We want to do right by our loved ones, but this is also the time when families are coming together for holidays. Many of us may not have been around our elders for a while. What sorts of things are warning signs: what are serious things to think about and what are things that might not be an issue? Daphne Davis at Pinnacle Senior Placements points out one thing that’s subtle is looking at the strength of their body. When they get up from a chair, do they need to use their arms? When they sit down, do they plop down or still have their core strength?
View Episode Transcript
*The following is the output of transcribing from an audio recording. Although the transcription is largely accurate, in some cases it is incomplete or inaccurate due to inaudible passages or transcription errors.
The following podcast is provided by pinnacles senior placements. Ll See and answers for elders radio. And Welcome to answers for elders radio, everyone, and I am here with the Wonderful Daphnee Davis from Pinnacle senior placements and we are here on holiday celebrations and Daphne, welcome back to the program thank you, thank you. You know, we’re getting ready to all celebrate a holiday season and obviously we want to be mindful of how can we do right by our our loved ones and but this is also the time when families are coming together and there’s a lot of things that you know, we all may not have been around. Mom or dad are elders for a while, and so the thing is, I guess my question for you is is the expert is what kind of things would be like yellow flags, morning flags of a senior loved one, as far as what should we think is a serious thing to think about and what are the things that you know may not be an issue? So it comes from two perspectives. It’s the family that sees mom at least weekly, let’s say weekly, your monthly, and you’re kind of real close to the forest. So don’t see a lot of changes all the time. And then there’s the family members that might come around for the holidays that haven’t seen mom or dad for like they might maybe they don’t live there. They got right, right, Yep, and so it’s from two different sets of ice that you can see that. But some key things to kind of watch for that are a little bit subtle is looking for the strength of the body. When someone stands up or sits down. Does it take a couple of times to rock out of that chair? Did they need the arms of the chair? That used to be able to just use their core muscles and get up? And when that person sits down, is it a PLOP or is it a controlled sit do they have the core strength still? Is it is it getting weaker for them? Is that something that, oh, we should kind of maybe pay attention to that, or or have mom do a little more exercises and make that if she’s already a person who likes to be physical, maybe just be more intentional about those suggestions about that. So that’s one thing that you could see just in terms of a subtle observation. When you haven’t been around for a while, there’ll be some things that you might notice, obviously of languaging patterns. Are there any changes in that? or His mom searching for words? Is She repeating herself? Does Dad have a roncus laugh now every time you ask a question because he doesn’t know how to answer it? That might be a clue that it didn’t laugh that much all the time. I mean right, answered a question. Yet I wonder what that’s about. It might be that you see someone of furniture walking or wall walking. You know, have to hang onto that wall all the time for stability. Big It is and it’s something that’s subtle and it’s not like warning. Warning is just an awareness, you know, that says, Oh, maybe we should implement some kind of assisted aid, which I believe when elder’s embrace assistance they’ll have independence longer. So if you’re listening, don’t fight the assistance. Walkers, canes, those kinds of things are going to help you keep your independence and absolutely and they’re hard to talk about for the independent person. From a child’s perspective, you know, to say, mom, I think you need something to help you walk now, there’s got to be some grace and dignity in there, but those are the clues that you, as shamily members, can see. You might see a change in appetite. You know, that was favorite foods of my parents. They’re hardly eating anything. Or if you’re the person that’s visiting at their home and you, you know, just go and say, Oh, mom, I’m going to go get a bottle of water and as you’re looking in the bottled water refrigerator and you see everything else, you might see some leftovers that are pretty old or you might see some of the foods that you have brought, you know, prepared in the freezer and they’re still there. Might be an indicator that you need to pay at tension a little bit to nutrition and are they eating properly, right, right, and and really what are they craving to eat? I think that changes in you know, as I know, that a Palette with the senior you know, the last, the first flavor that we can sense as a when we’re born is sweet and the last flavor that lingers is sweet. Yep, it is. So what you’re going to find is is, as you know, as we age. You know, what are they eating? Are they eating more sweets, because that’s very common. I what it from what I understand Yep, it is. It is. It’s the last sense that goes if there’s a disease process that affect your senses right. Sometimes that’s a really good indicator. Water intake, fluids, huge dehydration is such a problem, and it’s not just because you don”t have enough water. It, in our elders, affects a lot of systems in our bodies. When you’re younger, your body can kind of go with the flow a little bit. But I don’t know where that magic age is, but there’s an age when one I think your fluid. I think the main thing with water is, I always think in my head is that you know, when we food, not to get really graphic on the radio here, but but that goes through your digestive system and it’s in your stomach and it putrefies right, so you’re got rotten food basically going through you and that, if that’s not flushed out, it’s toxic. It is. It’s toxic to your system and it can cause mobility issues. It can call it cause soar muscles, it can cause headaches, it can cause all different types of aspects of you know, if you’re not drinking enough water or fluids or anything like that. And I know for me I’m not a water drinker. So I try to eat rough water rich foods as much as possible, which is helpful. Okay, but I also, you know, every night before bed I always drink a full glass of water. Is just, you know, trying to do what I can to make sure that I do that. And those are things I think that we can always think about, just the whole hydration process. And I can tell, like in my skin, if I haven’t drink enough water. I can start to see like a maybe a breakout on my skin. I can start to feel a key with my muscles. That’s dehydration. Yep, that moves quickly into inflammation, and so there’s lots of causes for inflammation, but these are a general overall. When you hear your loved one saying I just don’t feel good, I just might be water. You know, there’s just three things to think about. Water, food and their medications, making sure that those are consistent. Yes, you know, those are pretty easy things. Most important, though, as you’re getting together with family right now, I mean pay attention to these little yellow flags, as you called them, but also just enjoy the person. Yeah, please, don’t pounce on them. Please don’t say, Oh, mom, I’m seeing all these changes. Very true. Just just keep them to yourself and maybe have conversation with another family member that says, have you noticed? Oh, you know, she was a little off today, or yeah, Dad was just I don’t know, he’s kind of cranky. He’s normally not cranky. Check Yourself. I mean sometimes when that person comes in from afar, it’s unnerving, right, to see the changes of your parents. Some of it’s just natural aging process, absolutely, and being that and just being I think the thing is is that, you know, when we’ve talked about that, another thing I look at to is with my mom. I couldn’t believe all the Times that she, you know, she had papers all of a suon starting to stack up more than she used to, you know, every before, and I thought that was an interesting thing that I’d never really seen, you know, as far as wow with what is this? And then, you know, as we started to, you know, move her out of her house, she had like cash socked away in different places. You know, that was never my mom, but it’s that fear factor. It’s that what if I, you know, all of a sudden I started to see that a murder with my parent? I mean, it’s that something they’re think about? Yeah, when you become more dependent on other people in not in big ways, movement, getting your food into your house, paying your bills, getting the mail from the mailbox, shoveling snow, whatever it is, when you’re dependent physically, that can really mess with your head sometimes, I mean and you start to compensate, right or hide things or not talk about subjects. That’s where subjects become hard, is when someone wants to keep their their dignity, and so we, as family members, it’s our responsibility to be able to have those conversations that uphold the dignity and not be accusatory, not push somebody into their corner. Sure, but just say. You know, for me when this happens, sometimes I’m really stressed out when I can’t get through my mail. I am just stressed out. I see this pile of mail. Is there any chance that you’re stressing about something, mom? Yeah, you know, just be lighthearted. The other thing too, is you know there’s might be some fear of not having enough money to pay them the now, especially in the winter time. You know, eating bills can come and on a fixed income or something like that. So being a little bit more mindful of how can you be there more for your parent and just be more supportive? That’s maybe it’s right. Maybe it’s just grabbing that electric bill and just, without saying anything, just paying it. Yeah, just just take care of it. It depends upon, obviously, the cognition in the independence of your parents, right, but to be mindful and intentional and with love and compassion in your voice and in your intentions talk about things. I am a person who uses preambles before I I say what I need, really need to say. I’m going to say. You know, mom, just hear my heart or this is hard for me to say important. I really don’t want to have to talk about this, but mom, I want the best for you. Can we have a conversation about the bills, you know, can I help you with them? I know you can do them, but I don’t want them to cause you stress. Right, you know, you can still pay your bills, you can write a check, but would it be helpful if I helped you with it? Would it allow for more space in your head to think about the joyous things in life? You know? Yeah, put it in a context. That you can still do it so important. But I really want to just give you more joy in your life, and so, Daphne, bring enjoyed families, obviously for you. We have about a minute and a half left on the show and you know you guys work with making transitions easy and so, in in a nutshell, what do you do and how can we reach you? So first of all, you can reach me at eight hundred and fifty five, seven, three four fifteen hundred or my website at Pinnacle Senior Placementscom. And what we do is we help facilitate conversations, we help in terms up being an information post that you can know what all your options are for the given situation of your family. We have no fee for our services at all. I’m paid like a realator. One time commit commission from communities of care and I work with all communities of care. So from my perspective, there’s no downside to having a conversation with anyone from pinnacle and it’s never too early to have that conversation. It isn’t be proactive and not being crisis. We talk about everything from in home care to making modifications to your home so that you can stay there it might be something as simple as picking up the throw rugs, yeah, to eliminate the full risk, or throwing and grab bar in the bathroom something like it could be very simply, absolutely and it can be as big as saying, you know what, we want to maximize the buying power of your family’s estate and we want to do x y z outside of the hall. Right. So we have all those conversations. We’re not decision makers, we are listeners. And when do we give information? Well, marry Christmas to you and yours. Thank and we look forward to having you back again next month. Sounds good. Thanks so much. The preceding podcast was provided by pinnacles senior placements LLC and answers for elders radio. To contact pinnacles senior placements, go to Pinnacle Senior Placementscom.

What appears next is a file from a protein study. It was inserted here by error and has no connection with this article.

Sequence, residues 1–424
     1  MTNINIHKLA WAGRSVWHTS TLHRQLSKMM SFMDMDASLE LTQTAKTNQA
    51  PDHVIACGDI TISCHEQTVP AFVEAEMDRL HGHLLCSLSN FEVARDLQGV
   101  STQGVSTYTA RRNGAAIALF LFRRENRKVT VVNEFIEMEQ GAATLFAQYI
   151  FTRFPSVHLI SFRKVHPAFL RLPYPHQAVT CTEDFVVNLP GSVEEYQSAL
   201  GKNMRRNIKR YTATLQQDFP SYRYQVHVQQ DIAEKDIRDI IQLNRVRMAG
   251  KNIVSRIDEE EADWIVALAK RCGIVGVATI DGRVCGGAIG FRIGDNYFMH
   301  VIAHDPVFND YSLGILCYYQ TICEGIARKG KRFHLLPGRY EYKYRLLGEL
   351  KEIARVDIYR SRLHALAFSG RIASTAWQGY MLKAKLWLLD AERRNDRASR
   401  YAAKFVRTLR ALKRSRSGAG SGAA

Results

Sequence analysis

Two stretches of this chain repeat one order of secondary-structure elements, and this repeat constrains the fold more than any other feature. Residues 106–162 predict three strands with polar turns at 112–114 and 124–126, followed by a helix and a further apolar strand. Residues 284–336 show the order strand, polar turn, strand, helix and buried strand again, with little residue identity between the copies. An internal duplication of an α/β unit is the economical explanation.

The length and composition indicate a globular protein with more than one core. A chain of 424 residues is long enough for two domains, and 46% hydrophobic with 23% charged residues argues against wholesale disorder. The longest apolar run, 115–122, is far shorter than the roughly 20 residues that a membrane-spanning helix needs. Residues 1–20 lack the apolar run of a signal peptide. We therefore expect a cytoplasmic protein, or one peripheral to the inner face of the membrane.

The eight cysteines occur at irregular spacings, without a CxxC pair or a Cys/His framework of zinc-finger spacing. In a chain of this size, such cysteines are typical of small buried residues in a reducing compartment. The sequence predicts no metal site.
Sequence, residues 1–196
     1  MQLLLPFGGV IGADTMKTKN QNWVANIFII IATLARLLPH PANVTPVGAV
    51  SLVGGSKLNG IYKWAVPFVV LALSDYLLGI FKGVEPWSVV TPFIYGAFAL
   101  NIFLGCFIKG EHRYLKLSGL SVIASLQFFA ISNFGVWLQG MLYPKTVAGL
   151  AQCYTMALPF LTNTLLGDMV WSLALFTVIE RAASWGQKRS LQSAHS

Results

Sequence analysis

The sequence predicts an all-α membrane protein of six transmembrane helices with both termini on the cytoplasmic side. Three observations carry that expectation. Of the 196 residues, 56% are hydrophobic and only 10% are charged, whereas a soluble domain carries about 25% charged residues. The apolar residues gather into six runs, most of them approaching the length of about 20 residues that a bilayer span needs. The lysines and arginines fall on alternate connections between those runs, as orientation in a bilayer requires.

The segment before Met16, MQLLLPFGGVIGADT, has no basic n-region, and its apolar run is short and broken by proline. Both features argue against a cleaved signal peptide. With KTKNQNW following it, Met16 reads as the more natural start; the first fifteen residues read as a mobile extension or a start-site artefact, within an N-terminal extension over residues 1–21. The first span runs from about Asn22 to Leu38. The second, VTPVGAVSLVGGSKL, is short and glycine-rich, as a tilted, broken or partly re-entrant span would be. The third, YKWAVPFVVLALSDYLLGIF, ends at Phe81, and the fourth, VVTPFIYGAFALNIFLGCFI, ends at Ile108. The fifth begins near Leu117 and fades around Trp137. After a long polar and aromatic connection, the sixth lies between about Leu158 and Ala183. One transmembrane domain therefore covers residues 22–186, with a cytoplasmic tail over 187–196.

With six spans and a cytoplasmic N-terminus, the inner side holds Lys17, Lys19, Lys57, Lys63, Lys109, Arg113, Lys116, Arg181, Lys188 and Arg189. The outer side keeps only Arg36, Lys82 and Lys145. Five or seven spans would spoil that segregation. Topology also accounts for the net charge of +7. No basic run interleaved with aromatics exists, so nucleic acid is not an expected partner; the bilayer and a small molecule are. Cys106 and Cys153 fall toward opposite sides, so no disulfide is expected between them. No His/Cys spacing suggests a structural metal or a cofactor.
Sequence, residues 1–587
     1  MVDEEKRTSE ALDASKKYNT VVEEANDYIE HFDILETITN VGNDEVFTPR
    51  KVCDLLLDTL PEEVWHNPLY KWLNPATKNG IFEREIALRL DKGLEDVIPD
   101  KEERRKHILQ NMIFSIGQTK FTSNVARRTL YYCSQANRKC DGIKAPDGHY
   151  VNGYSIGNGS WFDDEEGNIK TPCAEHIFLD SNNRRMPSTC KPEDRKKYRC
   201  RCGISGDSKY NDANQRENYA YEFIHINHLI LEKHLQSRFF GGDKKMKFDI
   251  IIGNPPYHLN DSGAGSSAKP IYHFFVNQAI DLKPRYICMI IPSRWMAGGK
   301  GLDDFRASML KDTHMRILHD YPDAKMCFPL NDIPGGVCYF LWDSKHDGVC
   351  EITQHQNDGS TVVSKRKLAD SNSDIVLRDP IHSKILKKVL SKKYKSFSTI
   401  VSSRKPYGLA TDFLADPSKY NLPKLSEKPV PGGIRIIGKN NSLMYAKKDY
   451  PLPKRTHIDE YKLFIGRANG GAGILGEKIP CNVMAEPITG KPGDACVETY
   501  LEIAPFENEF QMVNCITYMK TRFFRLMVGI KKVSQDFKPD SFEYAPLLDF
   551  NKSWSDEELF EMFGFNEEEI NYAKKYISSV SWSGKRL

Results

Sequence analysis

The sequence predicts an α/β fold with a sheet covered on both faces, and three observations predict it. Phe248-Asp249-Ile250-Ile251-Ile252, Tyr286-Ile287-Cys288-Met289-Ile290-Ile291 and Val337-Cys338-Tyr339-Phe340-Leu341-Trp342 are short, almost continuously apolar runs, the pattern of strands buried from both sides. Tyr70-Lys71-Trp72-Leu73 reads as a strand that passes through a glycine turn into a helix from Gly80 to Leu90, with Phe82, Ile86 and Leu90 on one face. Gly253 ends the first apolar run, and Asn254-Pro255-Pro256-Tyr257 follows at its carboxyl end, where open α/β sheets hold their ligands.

Suzanne Newman, host of the Answers for Elders radio show and podcast, proclaims often, “Caring for my mom was the hardest thing I ever have done, but it was also my greatest privilege.” Following a career of over 25 years in sales, media, and marketing management, Suzanne embarked on a 6-year-journey caring for her mother. Her trials and tribulations as a family caregiver inspired an impassioned life mission outside of the corporate world to revolutionize the journey that so many other American families also find themselves on. Answers for Elders provides education, help, and support to families, caregivers, and seniors across the country who are experiencing their own unique journey within the complicated world of Eldercare. Each week, Suzanne is joined by vetted professional experts in over 65 categories including health & wellness, life changes, living options, money, law, and more. Suzanne lives in Edmonds, Washington with her husband, Keith, and their two doodle dogs, Whidbey and Skagit.